Read a thousand books and

Read a thousand books, and your words will flow like a river.
Lisa See

Bob and Joss Get Lost!

Perfect Picture Book Friday

Bob&JossGetLost!.jpegBob and Joss Get Lost! (HarperCollins, 2017) by Peter McCleery and illustrated by Vin Vogel is another hilarious book where the reader gets to be smarter than the book characters.

Here's the opening:

"I'm bored," Bob said, "Let's do something."

"Let's take a boat trip," said Joss.

"We will get lost," said Bob.

We won't get lost," said Joss.

Famous last words! And fun twists as you go along on the journey with them.

This is Peter's debut picture book--I hope we see many more. Read more about Peter on his website where you'll get more tastes of his humor.

Vin Vogel is an author as well as an illustrator. His humor matches up with Peter's. Read more about Vin and his work, especially the Yeti books, here.

Night Animals

Perfect Picture Book Friday

nightanimals.jpgNight Animals (Viking, 2015) by Gianna Marino is a hilariously fun picture book. Possum is scared because it is night and something is out there. Then shunk is scared, and wolf, and bear. What are they scared of? Night Animals! Which bat tells them they are. Duh. This book is deceptively simple, but such a riot. And the ending has a nice surprise. I also love Gianna's drawings.

Gianna has eight picture books out with more to come--see all of them here. I need to do some more reading! In her bio, you'll see her nickname is Boomerang--read more here. And, she's a fine artist--see paintings here.

Resources for Writing for Children's Magazines

Resources for Writing for Children's Magazines.jpeg

"5 Reasons Novelists Should Write & Publish Short Stories" by Chuck Sambuchino

"7 Online Magazines for Kids That Are Worth a Read" by Saikat Basu

"Best Magazines for Kids Who Love Getting Mail as Much as We Do" by Mary Fetzer

"The Christian Children's Market: A Place for Beginning Writers" by Marcia Laycock - although dated, it has good info

"Creating Characters for Children's Magazines" - ICL Podcast

"Magazines for Kids" (online)

"Tips for Breaking Into Children's Writing Through Magazines" by Mary Lou Carney

"Top 10 Kids Magazines" - these are the ones it will probably be more difficult to break into

"Top Ten Writing Mistakes Made By New Children's Writers" by Suzanne Lieurance

"Writing Children's Nonfiction for Magazines - Mistakes to Avoid"

"Writing for Children's Magazines" by Eugie Foster

"Writing for Teen Magazines" (nonfiction) by Ursula Furi-Perry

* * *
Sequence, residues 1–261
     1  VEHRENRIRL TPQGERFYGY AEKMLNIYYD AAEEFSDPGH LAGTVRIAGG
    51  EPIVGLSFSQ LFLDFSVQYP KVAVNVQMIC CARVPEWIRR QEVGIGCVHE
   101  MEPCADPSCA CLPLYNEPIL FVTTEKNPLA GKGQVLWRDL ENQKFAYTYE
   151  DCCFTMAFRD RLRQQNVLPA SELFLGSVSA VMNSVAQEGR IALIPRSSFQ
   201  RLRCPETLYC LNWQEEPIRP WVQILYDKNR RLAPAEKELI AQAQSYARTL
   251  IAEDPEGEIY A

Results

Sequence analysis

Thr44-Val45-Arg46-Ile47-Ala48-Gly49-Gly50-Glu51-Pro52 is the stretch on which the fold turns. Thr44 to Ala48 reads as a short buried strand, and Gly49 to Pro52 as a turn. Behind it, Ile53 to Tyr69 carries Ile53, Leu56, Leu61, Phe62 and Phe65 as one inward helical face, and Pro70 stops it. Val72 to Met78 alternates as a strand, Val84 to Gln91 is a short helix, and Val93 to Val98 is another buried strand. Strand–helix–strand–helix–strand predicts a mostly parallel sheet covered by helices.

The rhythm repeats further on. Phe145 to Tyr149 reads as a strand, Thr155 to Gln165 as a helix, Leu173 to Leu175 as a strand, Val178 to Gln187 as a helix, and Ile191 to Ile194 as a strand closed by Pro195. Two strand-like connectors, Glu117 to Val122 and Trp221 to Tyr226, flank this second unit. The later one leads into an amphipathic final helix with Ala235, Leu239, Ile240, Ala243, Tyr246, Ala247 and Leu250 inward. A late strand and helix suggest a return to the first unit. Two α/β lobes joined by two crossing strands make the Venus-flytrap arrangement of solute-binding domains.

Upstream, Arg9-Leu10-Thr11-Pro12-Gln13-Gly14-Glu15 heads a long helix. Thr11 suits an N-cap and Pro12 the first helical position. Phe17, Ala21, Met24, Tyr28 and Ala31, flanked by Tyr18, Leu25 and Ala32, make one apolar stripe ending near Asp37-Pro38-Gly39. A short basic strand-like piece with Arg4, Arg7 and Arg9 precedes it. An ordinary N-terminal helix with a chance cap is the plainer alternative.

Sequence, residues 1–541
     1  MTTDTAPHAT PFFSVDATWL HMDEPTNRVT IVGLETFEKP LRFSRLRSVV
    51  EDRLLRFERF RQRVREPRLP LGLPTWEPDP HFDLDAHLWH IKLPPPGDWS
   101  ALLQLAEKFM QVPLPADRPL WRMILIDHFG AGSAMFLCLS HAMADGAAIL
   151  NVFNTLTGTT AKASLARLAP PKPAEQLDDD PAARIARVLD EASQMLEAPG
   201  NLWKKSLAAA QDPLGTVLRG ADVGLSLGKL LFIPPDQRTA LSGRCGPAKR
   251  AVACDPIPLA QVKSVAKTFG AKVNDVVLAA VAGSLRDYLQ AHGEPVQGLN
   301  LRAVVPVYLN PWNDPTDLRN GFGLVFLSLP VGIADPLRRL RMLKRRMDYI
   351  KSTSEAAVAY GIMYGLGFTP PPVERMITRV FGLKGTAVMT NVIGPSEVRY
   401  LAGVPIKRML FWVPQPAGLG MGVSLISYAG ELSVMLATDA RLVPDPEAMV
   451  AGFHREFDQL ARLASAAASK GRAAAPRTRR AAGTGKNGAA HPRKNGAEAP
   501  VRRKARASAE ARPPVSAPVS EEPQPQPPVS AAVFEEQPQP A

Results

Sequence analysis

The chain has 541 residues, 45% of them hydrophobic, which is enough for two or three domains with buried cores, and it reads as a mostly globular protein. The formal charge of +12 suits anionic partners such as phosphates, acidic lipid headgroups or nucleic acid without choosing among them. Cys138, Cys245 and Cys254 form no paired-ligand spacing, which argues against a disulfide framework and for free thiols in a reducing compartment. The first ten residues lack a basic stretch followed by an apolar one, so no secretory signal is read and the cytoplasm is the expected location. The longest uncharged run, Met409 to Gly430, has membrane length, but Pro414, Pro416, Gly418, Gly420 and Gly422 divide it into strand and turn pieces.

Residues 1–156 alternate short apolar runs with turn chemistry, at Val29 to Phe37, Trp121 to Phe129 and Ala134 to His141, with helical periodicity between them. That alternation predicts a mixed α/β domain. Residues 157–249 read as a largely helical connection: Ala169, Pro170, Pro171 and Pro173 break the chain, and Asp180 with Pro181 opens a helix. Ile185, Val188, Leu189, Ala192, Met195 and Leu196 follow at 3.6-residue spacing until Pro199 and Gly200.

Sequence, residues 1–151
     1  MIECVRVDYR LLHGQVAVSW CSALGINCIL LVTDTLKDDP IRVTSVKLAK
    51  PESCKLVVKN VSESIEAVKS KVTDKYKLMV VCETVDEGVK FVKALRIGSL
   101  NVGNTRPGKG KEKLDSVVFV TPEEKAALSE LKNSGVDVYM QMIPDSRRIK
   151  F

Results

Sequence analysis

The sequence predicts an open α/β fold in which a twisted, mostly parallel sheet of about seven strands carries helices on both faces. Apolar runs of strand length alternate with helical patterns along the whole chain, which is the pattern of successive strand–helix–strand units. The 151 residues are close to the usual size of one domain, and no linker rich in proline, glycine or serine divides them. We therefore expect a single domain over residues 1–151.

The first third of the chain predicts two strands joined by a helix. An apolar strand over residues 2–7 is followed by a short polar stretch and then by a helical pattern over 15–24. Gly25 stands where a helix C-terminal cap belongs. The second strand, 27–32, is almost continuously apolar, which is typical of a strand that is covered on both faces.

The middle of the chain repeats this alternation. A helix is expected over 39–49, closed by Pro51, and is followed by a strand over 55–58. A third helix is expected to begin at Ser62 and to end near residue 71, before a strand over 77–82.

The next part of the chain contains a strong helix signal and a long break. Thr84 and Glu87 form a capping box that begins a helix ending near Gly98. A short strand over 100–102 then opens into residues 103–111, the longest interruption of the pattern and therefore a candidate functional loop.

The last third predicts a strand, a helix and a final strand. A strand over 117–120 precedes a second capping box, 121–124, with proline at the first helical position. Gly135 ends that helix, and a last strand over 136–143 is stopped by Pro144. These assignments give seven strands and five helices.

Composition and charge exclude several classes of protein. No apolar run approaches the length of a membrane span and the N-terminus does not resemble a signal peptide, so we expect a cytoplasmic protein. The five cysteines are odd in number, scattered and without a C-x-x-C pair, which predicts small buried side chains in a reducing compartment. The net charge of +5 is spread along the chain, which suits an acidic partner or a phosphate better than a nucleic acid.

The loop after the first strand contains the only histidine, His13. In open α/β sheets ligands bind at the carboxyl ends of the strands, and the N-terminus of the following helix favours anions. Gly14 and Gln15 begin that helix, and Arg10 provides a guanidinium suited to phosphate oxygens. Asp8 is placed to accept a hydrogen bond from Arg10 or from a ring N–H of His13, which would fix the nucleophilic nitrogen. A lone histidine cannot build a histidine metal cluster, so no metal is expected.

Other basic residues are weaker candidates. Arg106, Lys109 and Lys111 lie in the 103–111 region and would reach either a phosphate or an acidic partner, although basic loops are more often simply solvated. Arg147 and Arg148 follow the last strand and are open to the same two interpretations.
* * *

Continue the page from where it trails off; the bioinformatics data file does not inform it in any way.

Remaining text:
"Writing for the Christian Children's Market" - Guest Interview with Author Kathleen Muldoon

The following are links to relevant posts I wrote on this blog:

"Do You Remember?" (writing for teen magazines)

"Is That Right?" (magazine rights)

"Keeping Track" (of submissions)

"Magazine Story or Picture Book"

"Nonfiction Writing" - includes more resources

"On the Hunt for Ideas"

"Professional Problem Maker"

"Selling Photos to Magazines"

"Swift Fiction: The Short Story in Focus"

"Theme List Tactics"


Magazine Markets for Children's Writers - buy the current year here

Markets for Children's Writers - databases separated into children and teens and paying and nonpaying

Writing for Children's Magazines, An Ezine - quarterly - plus info about whether magazines are open or closed and links to guidelines

Conflict is an important ingredient

Conflict is an important ingredient that can sometimes get lost amidst the clutter of too many characters.
K.M. Weiland

The only writer to whom

The only writer to whom you should compare yourself is the writer you were yesterday.
David Schlosser

The Tragically True Adventures of Kit Donovan

Kit-Donovan_CVR.jpgI really enjoyed The Tragically True Adventures of Kit Donovan (Albert Whitman & Company, 2017) by Patricia Bailey.

It's 1905 in a Nevada mining town and just turned thirteen-year-old Kit has lost her mother, who made her promise to be a proper lady. It's tough being one when she's worried about Papa and the dangers in the mine, when the kids and teacher at school don't like her, and because she's responsible for her mother's death. Well, indirectly, she'll admit.

Kit is a character to love.

Here are the opening lines of the book: "I killed my mother. Twice, if I am to be completely honest--though she only died the one time." How could you not read on? And when you do, you'll find adventure, danger, friendships, and more.

This is Patricia Bailey's debut novel--I hope she writes many more. However, meanwhile you can read some of her short stories and articles on her website here.